“While others took part in the end of term academic activities, I wasn’t allowed to do so. When I expressed surprise, I was made to understand by one of the teachers that I was never a pupil of that school, and that I was only allowed in to interact and play with other children so that I wouldn’t feel lonely at home. As young as I was then, those words were like a hot knife piercing through my heart. I completely broke down,” he revealed.

After shedding tears for weeks, Idowu, not willing to give up on his dreams of becoming a success in life, gathered his strength. Days of strategising a survival plan dropped different ideas in his young head. He had no choice. No matter how demeaning it might look, he felt he had to do it.

“By the time I was six years old, I had left the home to start begging in the streets and market places,” the legal practitioner disclosed.

“It was the only way I could raise some money to register myself in primary school. While some people would take pity on me and give me alms, others would abuse me and my parents for giving birth to a person like me. It was a difficult exercise but I had to do it if I must survive,” he said.

Two years after taking to street begging, Idowu was finally able to register himself in primary school with the little money he had managed to save. But considering the fact that he had nobody to support him, he continued the ‘job’ after school hours, relying on the benevolence of kind-hearted individuals to keep hopes alive. However, by the time the flow dwindled in the ancient city, the 38-year-old was forced to look elsewhere for survival.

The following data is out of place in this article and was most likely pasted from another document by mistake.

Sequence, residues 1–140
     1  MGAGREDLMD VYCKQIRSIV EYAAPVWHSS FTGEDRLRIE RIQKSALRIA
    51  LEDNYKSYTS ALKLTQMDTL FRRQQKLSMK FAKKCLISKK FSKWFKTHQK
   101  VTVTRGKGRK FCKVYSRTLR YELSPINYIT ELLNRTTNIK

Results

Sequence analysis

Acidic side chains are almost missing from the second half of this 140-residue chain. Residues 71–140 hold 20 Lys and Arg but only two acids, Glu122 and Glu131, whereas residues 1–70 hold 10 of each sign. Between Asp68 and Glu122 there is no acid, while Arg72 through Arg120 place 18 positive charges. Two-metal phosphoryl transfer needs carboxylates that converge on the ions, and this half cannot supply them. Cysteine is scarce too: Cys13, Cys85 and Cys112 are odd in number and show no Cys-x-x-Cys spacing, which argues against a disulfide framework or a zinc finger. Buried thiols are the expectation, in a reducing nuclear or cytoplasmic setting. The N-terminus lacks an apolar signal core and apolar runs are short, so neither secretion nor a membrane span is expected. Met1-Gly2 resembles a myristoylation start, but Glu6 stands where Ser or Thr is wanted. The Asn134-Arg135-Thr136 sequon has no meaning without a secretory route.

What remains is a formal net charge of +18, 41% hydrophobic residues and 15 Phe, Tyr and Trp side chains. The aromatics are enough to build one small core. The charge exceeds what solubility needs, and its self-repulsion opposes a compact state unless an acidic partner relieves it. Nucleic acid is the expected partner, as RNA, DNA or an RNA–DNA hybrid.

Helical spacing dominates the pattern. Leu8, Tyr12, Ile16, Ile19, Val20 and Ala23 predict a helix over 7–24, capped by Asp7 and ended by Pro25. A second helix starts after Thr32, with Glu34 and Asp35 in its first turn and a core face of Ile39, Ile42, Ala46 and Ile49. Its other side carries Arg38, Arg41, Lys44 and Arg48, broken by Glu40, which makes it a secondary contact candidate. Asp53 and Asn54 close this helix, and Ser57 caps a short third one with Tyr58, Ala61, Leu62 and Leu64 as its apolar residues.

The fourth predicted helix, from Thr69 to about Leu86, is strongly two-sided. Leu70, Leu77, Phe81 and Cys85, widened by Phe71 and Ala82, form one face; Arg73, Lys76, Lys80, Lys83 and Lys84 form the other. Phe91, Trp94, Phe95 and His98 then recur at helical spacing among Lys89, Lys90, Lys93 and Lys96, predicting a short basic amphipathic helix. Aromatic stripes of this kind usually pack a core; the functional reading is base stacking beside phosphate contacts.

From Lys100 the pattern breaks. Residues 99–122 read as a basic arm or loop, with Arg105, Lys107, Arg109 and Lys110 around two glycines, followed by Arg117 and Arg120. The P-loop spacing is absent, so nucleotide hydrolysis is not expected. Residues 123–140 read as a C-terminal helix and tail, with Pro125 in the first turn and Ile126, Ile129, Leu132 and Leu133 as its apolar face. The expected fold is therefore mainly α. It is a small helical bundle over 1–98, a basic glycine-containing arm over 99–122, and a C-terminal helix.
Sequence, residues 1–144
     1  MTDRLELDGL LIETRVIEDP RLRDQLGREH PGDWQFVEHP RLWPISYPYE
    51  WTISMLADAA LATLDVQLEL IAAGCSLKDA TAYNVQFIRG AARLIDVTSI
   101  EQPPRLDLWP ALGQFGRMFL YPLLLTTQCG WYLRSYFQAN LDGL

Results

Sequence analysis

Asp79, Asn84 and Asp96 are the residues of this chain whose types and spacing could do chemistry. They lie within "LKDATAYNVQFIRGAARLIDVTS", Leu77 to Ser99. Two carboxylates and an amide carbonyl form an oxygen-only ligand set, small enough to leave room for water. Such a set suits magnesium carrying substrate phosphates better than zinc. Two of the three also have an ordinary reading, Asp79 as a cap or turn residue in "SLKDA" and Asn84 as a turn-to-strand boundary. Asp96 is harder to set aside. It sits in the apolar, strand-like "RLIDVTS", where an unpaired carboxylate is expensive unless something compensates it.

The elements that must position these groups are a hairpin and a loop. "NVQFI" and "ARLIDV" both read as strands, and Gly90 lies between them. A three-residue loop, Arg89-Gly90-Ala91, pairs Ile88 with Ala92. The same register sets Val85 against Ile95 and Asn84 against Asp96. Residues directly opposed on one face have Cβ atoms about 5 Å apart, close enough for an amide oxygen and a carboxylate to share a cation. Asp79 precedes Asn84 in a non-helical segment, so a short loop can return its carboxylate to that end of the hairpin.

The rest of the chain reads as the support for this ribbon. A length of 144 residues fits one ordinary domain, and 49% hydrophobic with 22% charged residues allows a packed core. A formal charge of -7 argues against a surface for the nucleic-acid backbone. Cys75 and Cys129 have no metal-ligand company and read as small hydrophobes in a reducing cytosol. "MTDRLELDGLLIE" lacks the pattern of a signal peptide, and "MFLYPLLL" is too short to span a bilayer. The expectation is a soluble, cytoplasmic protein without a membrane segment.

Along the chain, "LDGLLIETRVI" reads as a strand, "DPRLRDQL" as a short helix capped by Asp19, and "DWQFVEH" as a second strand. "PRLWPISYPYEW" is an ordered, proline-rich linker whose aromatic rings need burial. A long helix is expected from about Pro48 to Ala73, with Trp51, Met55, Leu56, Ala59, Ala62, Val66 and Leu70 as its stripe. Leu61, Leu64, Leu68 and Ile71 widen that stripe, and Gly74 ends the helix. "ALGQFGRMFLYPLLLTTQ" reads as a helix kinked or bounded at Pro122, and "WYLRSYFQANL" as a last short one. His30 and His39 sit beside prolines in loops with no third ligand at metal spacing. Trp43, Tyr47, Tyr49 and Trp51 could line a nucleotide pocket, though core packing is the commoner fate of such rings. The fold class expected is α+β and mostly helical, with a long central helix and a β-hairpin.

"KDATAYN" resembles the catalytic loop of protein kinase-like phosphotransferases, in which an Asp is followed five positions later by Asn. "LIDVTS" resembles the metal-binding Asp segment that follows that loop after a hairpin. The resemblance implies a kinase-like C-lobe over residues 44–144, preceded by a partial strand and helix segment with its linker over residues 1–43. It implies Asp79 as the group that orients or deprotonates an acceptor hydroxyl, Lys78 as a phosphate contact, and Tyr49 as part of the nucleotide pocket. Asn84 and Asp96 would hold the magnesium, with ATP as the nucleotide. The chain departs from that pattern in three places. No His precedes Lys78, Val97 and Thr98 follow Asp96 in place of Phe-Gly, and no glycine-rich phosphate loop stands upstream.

“At a point when getting anything reasonable from begging in the part of Kwara we lived in became difficult, somebody advised me to go to Lagos if I really wanted to make it big through such activity,” Idowu cut in, pausing for a few seconds before continuing.

“After thinking about this for some days, I joined the train one morning and headed for Lagos from Ilorin. By the time the journey ended at the Iddo Terminal and every other passenger went their different ways, I was left alone there, not knowing where to head to.

“The next day, after explaining my situation to somebody and what brought me to Lagos, I was advised to go to the Idumota area where there was a big market to beg for alms. I would go there in the morning and beg till around 6:00pm before going to sleep under the Apongbon Bridge. I did this for about two weeks before returning to Kwara to face my education. It was that strategy I adopted until I was able to finish primary school and enrolled in secondary school.